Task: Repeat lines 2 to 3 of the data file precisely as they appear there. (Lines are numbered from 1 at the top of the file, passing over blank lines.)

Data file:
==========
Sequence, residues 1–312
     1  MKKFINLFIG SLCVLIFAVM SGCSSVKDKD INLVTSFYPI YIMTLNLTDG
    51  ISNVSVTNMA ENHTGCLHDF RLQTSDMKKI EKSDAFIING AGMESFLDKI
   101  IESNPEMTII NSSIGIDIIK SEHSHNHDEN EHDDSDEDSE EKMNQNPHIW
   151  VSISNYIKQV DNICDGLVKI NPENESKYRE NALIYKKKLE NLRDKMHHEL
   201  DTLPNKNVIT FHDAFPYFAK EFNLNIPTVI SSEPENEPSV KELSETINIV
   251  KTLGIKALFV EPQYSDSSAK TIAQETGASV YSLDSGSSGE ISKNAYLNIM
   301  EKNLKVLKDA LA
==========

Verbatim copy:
     1  MKKFINLFIG SLCVLIFAVM SGCSSVKDKD INLVTSFYPI YIMTLNLTDG
    51  ISNVSVTNMA ENHTGCLHDF RLQTSDMKKI EKSDAFIING AGMESFLDKI